After a five-year playoff drought, the Lakers improved their future last summer with the signing of the best player in the NBA, LeBron James. With a cast of veterans, including some who had championship experience, and a young core filled with potential, James was expected to usher in a new era of Showtime.
But when injuries slowed down King James and others, no one stepped up to save the season.
The 2018-19 Lakers roster ranks as one of the weakest teams assembled around James since his rookie season 16 years ago, just as Shaquille O’Neal finished with the Lakers.
Basketball-reference.com has a stat to explain this with Win Share per 48 minutes (WS/48). This metric attempts to give players credit for how much they each contributed to a win.
By using this statistic, James is most successful when paired with at least one All-Star caliber player, such as Kyrie Irving or Dwyane Wade.
The Lakers deviated from this.
They didn’t sign an All-Star like Los Angeles-area native Paul George. They didn’t get All-NBA center DeMarcus Cousins at a discount. Instead, the franchise whose most successful seasons always include a pair of All-Stars decided to abandon tradition and sign role players such as Michael Beasley, JaVale McGee, Rajon Rondo and Lance Stephenson in the hopes of building depth.
McGee and Rondo, both veterans that played big roles on their title-bound teams, needed to bring their championship mentality and lift the Lakers to the playoffs.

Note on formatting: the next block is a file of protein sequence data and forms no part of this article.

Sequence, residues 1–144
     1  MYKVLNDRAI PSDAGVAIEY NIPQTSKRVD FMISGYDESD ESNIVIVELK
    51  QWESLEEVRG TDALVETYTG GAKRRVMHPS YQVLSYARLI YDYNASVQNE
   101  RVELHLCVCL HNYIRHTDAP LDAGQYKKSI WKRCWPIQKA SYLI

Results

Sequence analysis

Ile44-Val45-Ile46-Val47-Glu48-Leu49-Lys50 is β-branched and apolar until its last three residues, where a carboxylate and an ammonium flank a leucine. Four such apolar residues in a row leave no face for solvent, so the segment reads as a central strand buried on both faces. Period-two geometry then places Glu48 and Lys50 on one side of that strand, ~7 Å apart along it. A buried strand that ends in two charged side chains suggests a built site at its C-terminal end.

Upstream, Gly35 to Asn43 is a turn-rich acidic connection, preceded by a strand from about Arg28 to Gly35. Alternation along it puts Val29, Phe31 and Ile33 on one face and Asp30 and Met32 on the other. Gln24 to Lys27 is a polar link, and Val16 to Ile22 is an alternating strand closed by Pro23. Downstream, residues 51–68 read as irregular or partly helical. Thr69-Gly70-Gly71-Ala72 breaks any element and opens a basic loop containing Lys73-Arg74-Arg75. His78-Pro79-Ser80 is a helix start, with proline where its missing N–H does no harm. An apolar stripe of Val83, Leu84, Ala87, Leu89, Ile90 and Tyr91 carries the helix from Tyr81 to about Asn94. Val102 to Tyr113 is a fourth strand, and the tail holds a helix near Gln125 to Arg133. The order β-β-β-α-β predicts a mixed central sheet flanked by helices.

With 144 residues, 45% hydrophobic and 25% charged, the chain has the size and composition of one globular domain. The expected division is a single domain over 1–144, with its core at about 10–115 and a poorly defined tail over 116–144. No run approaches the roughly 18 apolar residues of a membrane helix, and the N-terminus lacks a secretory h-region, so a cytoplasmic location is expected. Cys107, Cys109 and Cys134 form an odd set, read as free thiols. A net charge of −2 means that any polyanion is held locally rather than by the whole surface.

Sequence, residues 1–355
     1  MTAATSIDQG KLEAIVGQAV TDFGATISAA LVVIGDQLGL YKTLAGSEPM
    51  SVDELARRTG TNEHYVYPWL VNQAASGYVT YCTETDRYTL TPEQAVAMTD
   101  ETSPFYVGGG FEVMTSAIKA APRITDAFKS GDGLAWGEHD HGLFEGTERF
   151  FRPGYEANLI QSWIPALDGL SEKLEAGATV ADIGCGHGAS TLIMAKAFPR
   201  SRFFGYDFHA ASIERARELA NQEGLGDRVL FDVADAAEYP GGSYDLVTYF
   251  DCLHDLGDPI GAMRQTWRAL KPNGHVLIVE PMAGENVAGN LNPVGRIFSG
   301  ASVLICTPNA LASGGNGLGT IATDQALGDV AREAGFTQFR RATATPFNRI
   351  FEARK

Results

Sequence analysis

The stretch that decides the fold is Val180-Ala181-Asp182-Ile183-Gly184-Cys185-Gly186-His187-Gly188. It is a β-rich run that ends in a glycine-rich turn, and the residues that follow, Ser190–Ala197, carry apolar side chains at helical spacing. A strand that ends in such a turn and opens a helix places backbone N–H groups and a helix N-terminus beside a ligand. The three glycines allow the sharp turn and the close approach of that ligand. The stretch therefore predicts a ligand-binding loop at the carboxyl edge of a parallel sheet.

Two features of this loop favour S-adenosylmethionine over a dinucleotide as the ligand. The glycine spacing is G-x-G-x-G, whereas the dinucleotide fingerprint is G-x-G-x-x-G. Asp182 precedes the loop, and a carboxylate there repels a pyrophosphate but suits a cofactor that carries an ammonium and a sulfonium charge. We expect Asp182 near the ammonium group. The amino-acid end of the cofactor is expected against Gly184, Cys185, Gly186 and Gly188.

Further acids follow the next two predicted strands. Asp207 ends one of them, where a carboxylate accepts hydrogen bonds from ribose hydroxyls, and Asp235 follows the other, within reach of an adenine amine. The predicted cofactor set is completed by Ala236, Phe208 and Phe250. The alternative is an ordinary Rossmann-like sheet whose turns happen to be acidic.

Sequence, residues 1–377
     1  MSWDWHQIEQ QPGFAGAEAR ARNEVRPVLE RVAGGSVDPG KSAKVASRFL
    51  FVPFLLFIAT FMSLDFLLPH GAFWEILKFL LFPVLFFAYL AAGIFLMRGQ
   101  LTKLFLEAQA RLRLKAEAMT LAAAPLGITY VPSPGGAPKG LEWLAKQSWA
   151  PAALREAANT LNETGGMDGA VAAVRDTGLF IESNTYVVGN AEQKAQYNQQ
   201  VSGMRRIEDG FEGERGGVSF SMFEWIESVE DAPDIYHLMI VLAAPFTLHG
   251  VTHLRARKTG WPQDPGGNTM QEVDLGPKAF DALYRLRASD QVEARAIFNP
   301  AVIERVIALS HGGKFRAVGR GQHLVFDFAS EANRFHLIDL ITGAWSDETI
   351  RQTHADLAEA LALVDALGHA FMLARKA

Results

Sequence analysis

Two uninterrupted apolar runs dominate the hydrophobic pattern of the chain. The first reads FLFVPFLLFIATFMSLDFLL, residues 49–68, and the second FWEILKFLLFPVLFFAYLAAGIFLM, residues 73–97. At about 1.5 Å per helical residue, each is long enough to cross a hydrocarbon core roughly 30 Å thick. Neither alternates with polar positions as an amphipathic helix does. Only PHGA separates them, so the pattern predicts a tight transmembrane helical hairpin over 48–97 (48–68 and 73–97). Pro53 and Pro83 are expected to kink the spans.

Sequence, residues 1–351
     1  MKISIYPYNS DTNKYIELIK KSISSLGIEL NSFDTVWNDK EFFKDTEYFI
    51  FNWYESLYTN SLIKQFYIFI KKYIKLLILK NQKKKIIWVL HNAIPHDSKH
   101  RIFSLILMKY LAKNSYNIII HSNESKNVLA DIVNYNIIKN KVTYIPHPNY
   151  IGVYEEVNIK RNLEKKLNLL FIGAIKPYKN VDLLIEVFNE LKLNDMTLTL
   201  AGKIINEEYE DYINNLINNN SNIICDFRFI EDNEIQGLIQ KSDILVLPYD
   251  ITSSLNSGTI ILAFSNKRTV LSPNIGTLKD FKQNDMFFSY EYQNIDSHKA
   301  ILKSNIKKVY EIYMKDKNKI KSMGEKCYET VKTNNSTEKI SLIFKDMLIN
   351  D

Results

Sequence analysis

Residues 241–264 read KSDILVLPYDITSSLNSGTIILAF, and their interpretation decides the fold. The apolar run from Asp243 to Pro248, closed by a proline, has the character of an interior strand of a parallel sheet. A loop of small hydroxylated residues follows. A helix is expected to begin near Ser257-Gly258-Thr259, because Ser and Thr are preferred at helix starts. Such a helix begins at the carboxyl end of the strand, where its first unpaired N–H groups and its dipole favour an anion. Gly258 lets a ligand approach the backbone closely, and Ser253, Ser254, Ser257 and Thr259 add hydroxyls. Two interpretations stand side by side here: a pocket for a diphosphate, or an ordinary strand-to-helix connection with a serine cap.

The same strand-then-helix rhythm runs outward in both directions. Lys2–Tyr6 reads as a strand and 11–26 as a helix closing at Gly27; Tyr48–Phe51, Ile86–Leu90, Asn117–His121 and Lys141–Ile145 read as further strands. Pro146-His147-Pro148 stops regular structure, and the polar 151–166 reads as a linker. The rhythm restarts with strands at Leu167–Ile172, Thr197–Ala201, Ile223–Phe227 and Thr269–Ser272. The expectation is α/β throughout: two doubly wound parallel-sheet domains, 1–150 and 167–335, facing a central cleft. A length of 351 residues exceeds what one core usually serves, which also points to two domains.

McGee’s 7-foot-6 wingspan would dominate in the paint. Rondo’s playmaking would take pressure off James. Stephenson, despite his antics in the past with James, would fire up the bench. The trio couldn’t live up to the hype of the “Meme Team,” and all of their WS/48, save for Stephenson, decreased between 2017-18 and 2018-19.
The young core, which is expected to be a threat in a few seasons, was now on a fast track, thanks to the signing of James. Brandon Ingram needed to be James’ star shooter. Lonzo Ball should be the second coming of Magic Johnson at point guard. Even lower draft picks such as former NBA All-Rookie forward Kyle Kuzma and Summer League MVP Josh Hart exceeded early expectations. The hope for the young core was to continue growing and flourish under the talent of James and the breadth of skills from veterans. That didn’t take place. According to WS/48, not only did none of them contribute to more wins than the previous season, most of them saw their contributions decrease.
Even the depth, which was the main reason for not signing another All-Star, wasn’t there. WS/48 has an average of about .100, and James had at least three teammates above .100 each season he advanced to the playoffs and five teammates above that mark during his NBA Finals appearances in Miami and Cleveland. This season, out of teammates who played in at least 40 games, only McGee and Tyson Chandler broke that mark.
Even though James did have his lowest number of win shares per 48 in a season since his rookie year at .179, expect him to come back stronger. James’ numbers dip when he starts on a new team, but he passes the .200 mark each following season.